Venice: Water and wine

There’s plenty to keep Linda Thompson fed, watered and amused on the road to Rome.

There are rose bushes planted at the end of each row of grapes at Alba Rosa family winery in the Italian countryside. They’re the canaries in the coalmine. If insects attack, they’ll go for the roses first, and this winery doesn’t use chemicals to produce its world-renowned prosecco.

Our Insight Vacations Road to Rome guided tour has stopped at the vineyard for lunch, and to learn more about the making of this most Italian of wines. The Glera grape variety is grown on just 6ha of land and the family produce 100,000 bottles a year.

Locals arrive in September to manually harvest the grapes, and all other work in the area stops. The grapes are stored inside, filtered manually, and bottled using a mobile machine brought in on a truck. There’s a brut and extra dry variety, and oddly the extra dry is sweeter.

We enjoy our lunch of local produce and cheeses and we’re on our way to Venice, a set of about 120 islands separated by canals and linked by bridges, About 60,000 people live permanently in this city on the water, but last year 22 million visitors came to see its famous canals and gondolas. Most seem to still be there as we arrive by boat.

Our 600-year-old Hotel Gabrielli is right on the waterfront, steps away from St Mark’s Square on dry land behind us, the famous and spectacular Doge’s palace, basilica and campanile.

My room includes a magnificent view out on to the water – and a man in a singlet bringing in his laundry below, a nice reminder that this is normal life here.

Elderly Anna takes us on a stroll around the hidden back streets of the town she has known all her life. She has history at her fingertips, and any slackers are summoned with a quick “woohoo”. She points to a high window in a narrow alley. “That’s going to be made into a monument soon,” she declares. Why? It’s the room she was born in.

She explains the jutting-out curves in the corners of the small local squares — they were added to stop men peeing into the corners.

We take a gondola ride down the canals and learn a bit more about the life of a gondolier. Other residents have their own boats tied up alongside the canals.

The city is facing some challenges — erosion, pollution, subsidence, too many tourists, too many cruise ships sailing too close to the banks.

Piazza San Marco is not far above sea level and during storm surges from the Adriatic or heavy rain, it floods regularly. Water pours into the drains in the piazza and directly into the Grand Canal, but if the sea is high, water from the lagoon surges up into the square.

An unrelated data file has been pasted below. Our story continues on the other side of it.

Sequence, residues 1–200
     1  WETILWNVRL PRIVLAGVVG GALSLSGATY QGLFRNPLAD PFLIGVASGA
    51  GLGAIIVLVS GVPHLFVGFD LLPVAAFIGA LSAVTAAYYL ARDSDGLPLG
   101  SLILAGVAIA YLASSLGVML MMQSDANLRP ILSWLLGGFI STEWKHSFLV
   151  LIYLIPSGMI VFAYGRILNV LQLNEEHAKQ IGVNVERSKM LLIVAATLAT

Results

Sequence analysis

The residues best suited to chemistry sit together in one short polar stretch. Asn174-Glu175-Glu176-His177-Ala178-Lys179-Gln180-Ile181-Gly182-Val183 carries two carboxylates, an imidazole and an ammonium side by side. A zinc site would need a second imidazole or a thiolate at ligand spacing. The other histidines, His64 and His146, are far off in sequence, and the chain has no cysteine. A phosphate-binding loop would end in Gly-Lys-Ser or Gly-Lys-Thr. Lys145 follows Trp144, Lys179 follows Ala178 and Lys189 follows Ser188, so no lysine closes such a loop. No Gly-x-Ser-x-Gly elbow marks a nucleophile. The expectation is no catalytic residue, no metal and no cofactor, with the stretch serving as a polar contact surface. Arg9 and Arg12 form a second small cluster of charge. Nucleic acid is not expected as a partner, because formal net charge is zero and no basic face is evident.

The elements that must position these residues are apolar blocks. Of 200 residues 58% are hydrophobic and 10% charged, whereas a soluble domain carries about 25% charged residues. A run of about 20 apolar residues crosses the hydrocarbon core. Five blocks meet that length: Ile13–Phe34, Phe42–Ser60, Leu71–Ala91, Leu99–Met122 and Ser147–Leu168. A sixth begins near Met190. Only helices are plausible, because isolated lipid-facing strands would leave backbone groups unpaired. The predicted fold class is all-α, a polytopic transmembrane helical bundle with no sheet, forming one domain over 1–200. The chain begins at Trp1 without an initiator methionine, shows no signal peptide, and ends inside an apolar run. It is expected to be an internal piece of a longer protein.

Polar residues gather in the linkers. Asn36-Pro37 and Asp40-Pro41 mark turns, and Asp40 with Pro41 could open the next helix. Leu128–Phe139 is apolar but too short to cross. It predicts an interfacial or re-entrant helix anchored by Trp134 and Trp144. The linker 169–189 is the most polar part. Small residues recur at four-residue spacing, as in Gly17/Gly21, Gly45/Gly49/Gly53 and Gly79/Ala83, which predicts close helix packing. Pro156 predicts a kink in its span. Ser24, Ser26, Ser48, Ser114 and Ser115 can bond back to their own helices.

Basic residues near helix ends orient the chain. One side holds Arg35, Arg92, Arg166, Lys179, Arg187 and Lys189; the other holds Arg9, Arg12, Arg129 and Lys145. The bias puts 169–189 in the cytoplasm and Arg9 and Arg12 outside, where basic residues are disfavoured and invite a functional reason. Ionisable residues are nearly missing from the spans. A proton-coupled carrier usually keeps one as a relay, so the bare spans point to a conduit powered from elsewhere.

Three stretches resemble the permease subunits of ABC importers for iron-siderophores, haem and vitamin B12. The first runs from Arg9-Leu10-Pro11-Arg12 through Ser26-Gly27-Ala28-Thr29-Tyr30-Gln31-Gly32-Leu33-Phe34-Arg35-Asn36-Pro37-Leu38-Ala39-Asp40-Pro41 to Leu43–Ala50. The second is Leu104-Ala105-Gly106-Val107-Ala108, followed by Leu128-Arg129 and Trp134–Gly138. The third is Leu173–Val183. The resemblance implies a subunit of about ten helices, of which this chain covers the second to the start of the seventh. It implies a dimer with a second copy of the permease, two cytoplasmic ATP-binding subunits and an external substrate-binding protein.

It’s one of the many hazards of living in a city built on water.

But it is beautiful, a world heritage site, unique in its watery history. The famous Bridge of Sighs is the last place prisoners saw daylight before they were locked up. Such a small bridge to contain such sadness.

We go to an arts centre to watch a traditional glassblower create a Venetian glass masterpiece before our very eyes. But it’s not perfect. He tosses the immaculate horse — faultless in our eyes — into the bin, to our horror.

We leave the roar of St Mark’s Square to sail around the Venetian lagoon to the relatively peaceful island of Burano. This is an optional experience on the Road to Rome, but a must-do, if only to escape the crowds in Venice and see real life.

Its brightly colourful houses and shops are packed with artisan lacemakers and Murano glass, and we have a chance for some shopping before we take a very late lunch at a local restaurant.

Actually lunch and dinner. The meal starts with baby shrimp risotto, then there’s pasta, then a salad, then a fritatta, followed up with almond brittle and amaretto biscotti, which are soaked in wine before being eaten. Rather like a gingernut in tea — sort of.

The Italians love their food, and half a dozen courses is par for the course.

We waddle out to find our way back to the ferry using the leaning bell tower as a landmark. Our tour director Gary always makes sure we know our way home before he lets us off the leash.

On the way back to Venice someone broaches the subject we’ve all been wondering about. Now we’re in Italy, there’s a bidet in every bathroom, however ancient and however small.

How do you use them? Do you face the taps or face away? Someone decides we need to google the answers. This is one question we don’t want to ask Gary, our font of all knowledge.

It’s back to dry land the next day and a quick stop in Pisa for the obligatory look at that leaning tower, to queue again for a loo and find something to eat.

People are still taking photos to make it appear as though they are holding the thing up. They’ve been doing that for decades. My iPhone attempts to straighten photos as I open them.

We are guided around by Bello Roberto (he’s called that on his offical guide card), or Beautiful Robert. He’s a hilarious, balding man who swears he’s only 29 and a well-documented hate for Florence and all who live or have ever lived there.

He shows us around his patch and describes with great humour the history of the tower, the baptistry and the town.

But the relentless crowds are exhausting, and while the mosaic covered and marble buildings are gorgeous in the 11th Century baptistry, it’s something of a relief to leave behind the summer crowds and set off on the last legs on our journey.


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‘ 11-day Treasures of Italy tour is available from $5895 per person, twin share.

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